Today my young adult book about Emerson Page arrived on my doorstep and I burst into tears. I’ve waited so long to see her. It’s overwhelming to say the least. Thank you to everyone who believed she would find her way into the light. Pre-order is available on Amazon at http://amzn.to/2wAhmvG.
In the pause: Looking for bookstore and community center partners for my young adult book
Do you have a great local bookstore? Do you know of a local organization in your city where I could offer writing, storytelling, and publishing workshops?
Part of my marketing plan for my young adult book, Emerson Page and Where the Light Enters, is to offer writing and storytelling workshops to young people and adults. Topics could include storytelling, publishing, and book branding and marketing.
If you have a great local bookstore or community center that focuses on storytelling, please let me know as I’d love to partner with them to promote and support their work. Stories change the world.
In the pause: How fantasy writing helps us understand reality – a lesson from Dr. Seuss
“I like nonsense, it wakes up the brain cells. Fantasy is a necessary ingredient in living; it’s a way of looking at life through the wrong end of a telescope. Which is what I do, and that enables you to laugh at life’s realities.” ~Dr. Seuss
Escaping through books is a valuable exercise whether you’re a writer, a reader, or both. When we let go of the world we know and enter into another world, that distance gives us greater perspective. We breathe a little easier. Our muscles relax. A little distance, a short escape, can help us see more clearly and act with more purpose.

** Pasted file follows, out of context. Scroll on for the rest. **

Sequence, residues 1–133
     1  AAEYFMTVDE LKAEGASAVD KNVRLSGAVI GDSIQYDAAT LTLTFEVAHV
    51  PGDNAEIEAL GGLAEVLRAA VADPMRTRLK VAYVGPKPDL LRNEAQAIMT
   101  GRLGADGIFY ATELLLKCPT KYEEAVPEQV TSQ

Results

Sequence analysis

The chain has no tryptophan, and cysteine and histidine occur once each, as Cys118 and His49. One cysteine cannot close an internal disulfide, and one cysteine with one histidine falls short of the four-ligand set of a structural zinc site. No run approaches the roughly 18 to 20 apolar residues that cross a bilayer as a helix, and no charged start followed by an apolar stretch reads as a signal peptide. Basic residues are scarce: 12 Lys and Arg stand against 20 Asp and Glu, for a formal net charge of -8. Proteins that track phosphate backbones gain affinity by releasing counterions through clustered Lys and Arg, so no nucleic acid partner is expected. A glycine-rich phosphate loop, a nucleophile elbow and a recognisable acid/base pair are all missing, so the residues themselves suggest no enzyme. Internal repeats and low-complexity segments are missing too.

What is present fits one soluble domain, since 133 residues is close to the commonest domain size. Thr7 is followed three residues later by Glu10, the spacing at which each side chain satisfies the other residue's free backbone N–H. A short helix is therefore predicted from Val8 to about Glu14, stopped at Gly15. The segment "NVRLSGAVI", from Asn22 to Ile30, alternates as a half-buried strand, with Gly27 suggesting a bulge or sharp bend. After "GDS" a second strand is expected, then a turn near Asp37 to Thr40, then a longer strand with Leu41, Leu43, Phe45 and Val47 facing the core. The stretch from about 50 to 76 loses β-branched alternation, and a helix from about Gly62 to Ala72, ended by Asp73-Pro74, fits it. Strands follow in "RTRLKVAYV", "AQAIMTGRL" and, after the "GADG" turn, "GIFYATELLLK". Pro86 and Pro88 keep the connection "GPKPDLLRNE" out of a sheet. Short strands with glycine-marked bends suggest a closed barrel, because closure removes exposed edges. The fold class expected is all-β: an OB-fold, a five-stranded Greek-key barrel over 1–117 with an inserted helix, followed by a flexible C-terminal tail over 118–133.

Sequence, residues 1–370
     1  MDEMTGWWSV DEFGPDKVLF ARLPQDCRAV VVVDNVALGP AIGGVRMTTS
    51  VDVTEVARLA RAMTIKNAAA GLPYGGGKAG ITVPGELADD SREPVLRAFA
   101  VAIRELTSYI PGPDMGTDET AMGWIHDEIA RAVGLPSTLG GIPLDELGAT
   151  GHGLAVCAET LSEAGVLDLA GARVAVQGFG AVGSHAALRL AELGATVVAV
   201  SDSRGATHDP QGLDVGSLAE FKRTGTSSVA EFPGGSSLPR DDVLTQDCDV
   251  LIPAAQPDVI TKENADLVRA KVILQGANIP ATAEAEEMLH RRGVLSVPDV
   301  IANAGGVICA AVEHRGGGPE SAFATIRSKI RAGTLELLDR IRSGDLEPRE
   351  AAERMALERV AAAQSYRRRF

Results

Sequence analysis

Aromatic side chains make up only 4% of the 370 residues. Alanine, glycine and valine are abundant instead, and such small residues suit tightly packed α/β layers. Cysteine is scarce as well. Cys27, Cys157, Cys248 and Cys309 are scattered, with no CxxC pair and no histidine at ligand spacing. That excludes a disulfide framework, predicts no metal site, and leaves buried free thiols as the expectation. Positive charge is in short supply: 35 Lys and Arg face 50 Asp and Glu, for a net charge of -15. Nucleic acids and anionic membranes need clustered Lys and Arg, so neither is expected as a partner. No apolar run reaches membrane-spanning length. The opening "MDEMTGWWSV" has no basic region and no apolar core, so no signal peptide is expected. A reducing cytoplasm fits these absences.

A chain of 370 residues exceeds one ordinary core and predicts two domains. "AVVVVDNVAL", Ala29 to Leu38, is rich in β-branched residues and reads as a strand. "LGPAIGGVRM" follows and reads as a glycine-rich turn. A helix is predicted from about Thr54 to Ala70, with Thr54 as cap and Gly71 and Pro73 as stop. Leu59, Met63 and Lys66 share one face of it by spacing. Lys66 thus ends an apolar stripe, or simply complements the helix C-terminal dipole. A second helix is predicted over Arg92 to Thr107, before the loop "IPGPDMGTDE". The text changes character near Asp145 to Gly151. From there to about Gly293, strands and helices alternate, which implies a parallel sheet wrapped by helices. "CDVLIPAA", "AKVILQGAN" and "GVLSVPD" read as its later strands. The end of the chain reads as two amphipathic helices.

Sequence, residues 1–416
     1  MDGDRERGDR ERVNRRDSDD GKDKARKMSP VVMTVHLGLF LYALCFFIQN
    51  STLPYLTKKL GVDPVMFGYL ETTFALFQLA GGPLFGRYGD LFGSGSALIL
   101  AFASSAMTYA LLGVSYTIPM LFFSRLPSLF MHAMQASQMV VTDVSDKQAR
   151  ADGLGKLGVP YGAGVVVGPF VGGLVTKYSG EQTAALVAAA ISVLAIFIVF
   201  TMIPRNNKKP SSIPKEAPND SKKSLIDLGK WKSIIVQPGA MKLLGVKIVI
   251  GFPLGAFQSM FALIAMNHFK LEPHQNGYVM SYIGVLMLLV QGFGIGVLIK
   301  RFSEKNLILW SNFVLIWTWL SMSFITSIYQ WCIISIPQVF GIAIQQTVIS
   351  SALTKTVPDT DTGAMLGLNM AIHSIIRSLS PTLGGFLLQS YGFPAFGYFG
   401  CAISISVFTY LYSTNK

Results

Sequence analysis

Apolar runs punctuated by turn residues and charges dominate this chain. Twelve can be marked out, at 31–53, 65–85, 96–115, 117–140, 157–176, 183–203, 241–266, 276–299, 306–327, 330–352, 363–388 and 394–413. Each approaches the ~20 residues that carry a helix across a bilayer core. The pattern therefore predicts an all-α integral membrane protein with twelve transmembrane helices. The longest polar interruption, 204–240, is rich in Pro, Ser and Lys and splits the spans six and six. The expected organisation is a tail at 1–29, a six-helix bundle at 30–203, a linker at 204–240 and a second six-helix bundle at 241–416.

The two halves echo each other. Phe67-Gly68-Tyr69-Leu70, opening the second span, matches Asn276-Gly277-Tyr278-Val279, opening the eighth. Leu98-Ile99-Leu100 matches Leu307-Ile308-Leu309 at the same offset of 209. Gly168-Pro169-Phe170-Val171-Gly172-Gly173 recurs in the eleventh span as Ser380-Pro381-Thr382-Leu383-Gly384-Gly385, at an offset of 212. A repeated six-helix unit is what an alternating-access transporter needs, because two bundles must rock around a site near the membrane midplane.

If you’re wrestling through a challenge right now—personal or professional—take a break. Read a book, preferably one that has absolute nothing to do with the challenge you’re trying to manage. Let the dust settle and let your mind go somewhere else for a while. You’ll be surprised by what appears.
In the pause: Chapter 2 of the free prequel to my book is now available
Chapter 2 of the free prequel to my novel, Emerson Page and Where the Light Enters, is flying into the inboxes of the people on my mailing list right now. It’s a page from the private diary of Oliver Page, Emerson’s father, as he takes a stand to protect Emerson. Would you like to receive it? Just send me your email address and I’ll send it over to you!
In the pause: What I learned about writing by reading The Little Paris Bookshop
“With all due respect, what you read is more important in the long term than the man you marry, ma chère Madame.” ~Monsieur Perdu in The Little Paris Bookshop by Nina George
I fell in love with the book The Little Paris Bookshop on page one. I suppose what Monsieur Perdu is saying is that the right books can stick with us for a lifetime on our own terms, longer than most loves. When I think of it that way, I guess it is true, at least for some people.
Monsieur Perdu owns a bookshop in Paris, a peculiar one on a barge in the middle of the Seine that he consider a literary apothecary. He’s a book doctor, or at least a book pharmacist, prescribing books to heal whatever ails his customers. I read the first few pages of the book while crossing the East River on New York City’s B train for a meeting in Brooklyn to chase a dream. In that moment, I moved Monsieur Perdu’s barge to the East River and for me, he prescribed a book to bolster my confidence and stoke my courage.
It’s clear in these few pages that Monsieur Perdu has lost someone he loved, that he spends his evenings in an apartment that used to be filled with love, laughter, and a cat. Now it’s just him surrounded by his familiar neighbors of 20 years whose lives echo through the walls. They’ve loved and lost, too. All of them.